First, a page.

The Medium is the Massage: Incorporate ideas from McLuhan’s work in describing the “message” neuroprosthetics gives off. It gives off hope to many people as a way to get back into the swing of things after a limb is lost or once they get a disability. Many people may be curious about it, and they tend to stare (as they do with people with diseases or disabilities). If the neuroprosthetic becomes more common, will it change the message people receive to being something more positive? Will it be viewed as just another technology or at some point in time will it be looked at as “just another part of the body?”

How neuroprosthetics are changing lives: Include stories from people who have neuroprosthetics and include what types of people would aid from them (people who have strokes, who have become paralyzed, who have lost a limb, etc.) Describe the effect on their lives (is life easier because of the neuroprosthetics or harder because they have to get used to a new technology?)

Room to grow: Neuroprosthetics are still not perfect and can use a lot of improvement (they lack the complexity of fully functioning limbs, like being able to type on a computer or feel a difference in temperature). Many complain about the lack of sensation using a prosthetics, which causes difficulties when it comes to holding items (like not knowing how tight to hold it). Their extensive use of technology causes them (like any other prosthetic) to be expensive, meaning not everyone who needs them is able to get them. Hopefully with more research, neuroprosthetics can become more common and available to people (as society learns more about the brain and about the technology that is used to make neuroprosthetics).

Conclusion: Answer the questions: where do we go from here? What steps can people in a community take to give people who need neuroprosthetics this technology? How intricate can the technology become? Include how far we have come with this technology and the continuous potential there is for growth in it.

Essay Outline: Travel and Technology

  1. Introduction: My experiences traveling, and my personal interaction with various technologies that both aid and inhibit experiencing a place.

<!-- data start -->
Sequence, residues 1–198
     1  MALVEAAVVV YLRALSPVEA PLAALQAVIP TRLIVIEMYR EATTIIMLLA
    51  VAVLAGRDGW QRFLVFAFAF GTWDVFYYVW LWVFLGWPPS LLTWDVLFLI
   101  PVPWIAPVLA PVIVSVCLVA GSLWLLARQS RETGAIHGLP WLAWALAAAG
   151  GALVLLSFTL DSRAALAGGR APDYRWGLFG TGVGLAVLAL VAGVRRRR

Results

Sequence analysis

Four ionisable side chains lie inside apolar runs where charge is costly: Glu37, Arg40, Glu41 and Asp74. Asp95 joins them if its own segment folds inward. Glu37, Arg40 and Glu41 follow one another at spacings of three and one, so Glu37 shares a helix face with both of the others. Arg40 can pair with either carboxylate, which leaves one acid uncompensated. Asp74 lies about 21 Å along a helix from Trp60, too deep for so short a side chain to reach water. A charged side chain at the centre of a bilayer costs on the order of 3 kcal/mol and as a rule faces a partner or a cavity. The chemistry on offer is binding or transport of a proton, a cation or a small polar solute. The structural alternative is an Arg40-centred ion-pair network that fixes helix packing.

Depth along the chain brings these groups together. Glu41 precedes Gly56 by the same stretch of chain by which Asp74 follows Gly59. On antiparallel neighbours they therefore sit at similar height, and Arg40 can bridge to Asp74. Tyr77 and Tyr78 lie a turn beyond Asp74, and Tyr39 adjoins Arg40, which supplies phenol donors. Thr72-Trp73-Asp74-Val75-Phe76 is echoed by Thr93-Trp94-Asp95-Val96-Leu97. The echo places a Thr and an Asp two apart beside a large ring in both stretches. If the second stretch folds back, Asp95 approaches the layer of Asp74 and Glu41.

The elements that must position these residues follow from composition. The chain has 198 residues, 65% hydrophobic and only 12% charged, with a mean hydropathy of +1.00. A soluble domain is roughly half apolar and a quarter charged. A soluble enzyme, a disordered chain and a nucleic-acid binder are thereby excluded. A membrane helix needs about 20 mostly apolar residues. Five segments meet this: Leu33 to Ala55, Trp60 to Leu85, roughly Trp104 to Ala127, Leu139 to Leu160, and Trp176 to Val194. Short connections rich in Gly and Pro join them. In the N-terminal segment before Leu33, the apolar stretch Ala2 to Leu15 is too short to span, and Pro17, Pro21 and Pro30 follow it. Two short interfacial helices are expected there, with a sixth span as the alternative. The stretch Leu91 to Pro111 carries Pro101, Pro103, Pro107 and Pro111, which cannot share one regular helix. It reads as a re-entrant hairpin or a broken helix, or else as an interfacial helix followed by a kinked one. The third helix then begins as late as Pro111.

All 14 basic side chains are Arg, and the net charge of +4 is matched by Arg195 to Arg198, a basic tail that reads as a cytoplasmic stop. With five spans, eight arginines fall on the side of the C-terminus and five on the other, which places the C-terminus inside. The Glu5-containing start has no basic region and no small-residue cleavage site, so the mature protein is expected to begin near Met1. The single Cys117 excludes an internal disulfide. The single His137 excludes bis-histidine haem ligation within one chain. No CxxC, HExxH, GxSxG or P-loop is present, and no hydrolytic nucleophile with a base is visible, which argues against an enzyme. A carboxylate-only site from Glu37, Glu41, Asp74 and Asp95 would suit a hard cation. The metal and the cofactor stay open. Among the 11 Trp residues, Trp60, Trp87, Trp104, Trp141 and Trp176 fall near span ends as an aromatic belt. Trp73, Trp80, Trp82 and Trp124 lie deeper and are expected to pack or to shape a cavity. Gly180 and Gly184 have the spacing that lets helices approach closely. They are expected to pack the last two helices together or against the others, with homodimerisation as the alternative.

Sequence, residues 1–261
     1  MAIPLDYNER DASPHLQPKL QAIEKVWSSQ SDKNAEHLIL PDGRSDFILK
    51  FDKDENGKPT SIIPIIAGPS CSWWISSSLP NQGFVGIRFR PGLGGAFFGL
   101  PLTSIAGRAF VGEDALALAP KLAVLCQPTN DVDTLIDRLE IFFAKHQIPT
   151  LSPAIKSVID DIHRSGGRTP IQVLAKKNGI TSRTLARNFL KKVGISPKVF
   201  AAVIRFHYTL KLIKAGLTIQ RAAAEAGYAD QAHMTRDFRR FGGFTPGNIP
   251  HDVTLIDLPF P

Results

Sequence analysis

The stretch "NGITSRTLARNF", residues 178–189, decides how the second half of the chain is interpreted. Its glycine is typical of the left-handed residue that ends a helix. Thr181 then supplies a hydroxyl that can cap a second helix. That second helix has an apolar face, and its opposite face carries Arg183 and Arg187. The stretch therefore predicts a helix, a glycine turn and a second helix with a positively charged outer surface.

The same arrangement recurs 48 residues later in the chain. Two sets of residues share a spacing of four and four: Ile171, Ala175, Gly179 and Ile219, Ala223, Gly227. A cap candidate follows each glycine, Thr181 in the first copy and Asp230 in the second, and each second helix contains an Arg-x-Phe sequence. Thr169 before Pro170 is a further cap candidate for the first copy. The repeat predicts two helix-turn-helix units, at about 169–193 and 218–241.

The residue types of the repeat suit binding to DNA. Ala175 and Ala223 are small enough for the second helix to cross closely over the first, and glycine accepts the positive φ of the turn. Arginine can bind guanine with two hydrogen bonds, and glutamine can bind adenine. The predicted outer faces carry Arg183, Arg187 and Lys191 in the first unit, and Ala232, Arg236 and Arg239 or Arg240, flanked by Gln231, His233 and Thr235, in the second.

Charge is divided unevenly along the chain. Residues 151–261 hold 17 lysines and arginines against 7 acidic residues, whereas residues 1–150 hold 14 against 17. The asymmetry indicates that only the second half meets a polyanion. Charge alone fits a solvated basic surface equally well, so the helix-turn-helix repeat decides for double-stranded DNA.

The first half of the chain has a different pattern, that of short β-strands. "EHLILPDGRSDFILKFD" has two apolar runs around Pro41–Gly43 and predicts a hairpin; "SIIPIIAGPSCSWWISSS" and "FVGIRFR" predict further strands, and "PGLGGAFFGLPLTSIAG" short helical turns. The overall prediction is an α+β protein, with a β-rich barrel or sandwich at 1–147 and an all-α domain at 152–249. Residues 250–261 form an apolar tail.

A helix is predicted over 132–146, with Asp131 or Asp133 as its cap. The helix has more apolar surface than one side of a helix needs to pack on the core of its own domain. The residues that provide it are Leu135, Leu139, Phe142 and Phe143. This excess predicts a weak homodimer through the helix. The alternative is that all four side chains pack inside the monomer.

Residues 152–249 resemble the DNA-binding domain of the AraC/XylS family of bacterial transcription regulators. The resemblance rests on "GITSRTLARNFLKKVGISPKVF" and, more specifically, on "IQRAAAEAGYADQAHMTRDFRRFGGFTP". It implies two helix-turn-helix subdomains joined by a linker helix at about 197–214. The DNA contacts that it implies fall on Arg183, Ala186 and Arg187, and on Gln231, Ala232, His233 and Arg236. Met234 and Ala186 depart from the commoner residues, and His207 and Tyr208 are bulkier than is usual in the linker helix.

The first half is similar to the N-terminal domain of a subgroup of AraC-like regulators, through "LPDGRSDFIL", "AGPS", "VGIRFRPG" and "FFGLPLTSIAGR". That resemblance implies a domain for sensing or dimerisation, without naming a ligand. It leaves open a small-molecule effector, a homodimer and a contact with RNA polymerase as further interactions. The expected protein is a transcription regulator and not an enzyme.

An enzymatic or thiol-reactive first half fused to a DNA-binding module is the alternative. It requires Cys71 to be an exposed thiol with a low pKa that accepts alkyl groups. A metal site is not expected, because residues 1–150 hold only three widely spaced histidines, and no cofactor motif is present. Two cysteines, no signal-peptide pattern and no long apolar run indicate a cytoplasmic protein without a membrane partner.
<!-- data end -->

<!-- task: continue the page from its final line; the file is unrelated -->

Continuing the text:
2. What does it mean to experience a place? Does it mean interacting with those who live there, making an impact, leaving a footprint? Or does it mean staying away, taking photos, looking through museums, and leaving without a trace, leaving no part of yourself behind?
  3. Moving beyond what experiencing a place really is, what do we need to do to achieve this? Do we hit the ground running, trying to see as many tourist sights as possible? It might be better to sit in a café somewhere, taking in the atmosphere, watching how people in this new city go about their day. It might be best to go to a place as mundane as a grocery store – you will probably learn more about daily life in Madrid from the farmacías than you will from visiting the Museo del Prado.
  4. Technologies that help make travel possible – the positive impact of technology on travel.
    1. The Basics: Planes, trains, and automobiles. These technologies have been around since before I was born, but they are vital. They are the things that enable me to go from Columbus, Ohio, to Europe in less than 12 hours (if I time the flights correctly). Without them, travel would be much more difficult, and impossible to maintain at the rate it is now, with people coming and going from all places at all times.
    2. New technologies: Airbnb, couchsurfing, Google flights, high speed trains, social media, Cameras. These are all technologies that help to facilitate the process of travel. They make lodging cheaper (or free!), make travel cheaper, and speed up the process. It makes traveling a more streamlined experience, one that is faster and more pleasant for the consumer. They also help to connect the traveler with their environment. With technologies such as airbnb, couchsurfing, and even social media to an extent, you are able to live and interact with those who are familiar with whichever city you are in, and it adds an extra dimension to the experience that would probably be lost if you had stayed in a beige box in a high rise hotel. Social media may also help you to give a window to those that would otherwise be unable to see certain places. Along with that, cameras in all their forms help you to remember the trip, and share the experience with people around the globe.
  5. Technologies that inhibit travel/interaction – negative effects of the influx of technology on our lives.
    1. Social Media – things such as facebook, instagram, twitter. Do our experiences become more about making people jealous, or gaining meaningless likes, as opposed to really seeing something and taking it in?
    2. Cameras – with a camera at our fingertips, does what we take pictures of become less significant? When we have a camera roll of 700 photos, what is worthwhile and what isn’t? Who determines this?
    3. High Speed Trains – though generally good, could it be said that they prevent one from seeing lesser-known areas, or the seedier sides of countries? Additionally, do they feed into the culture of instant gratification that we have built worldwide.
  6. Conclusion – final thoughts on the positives and negatives of technology when traveling, and ways to harness its power without negatively impacting ourselves.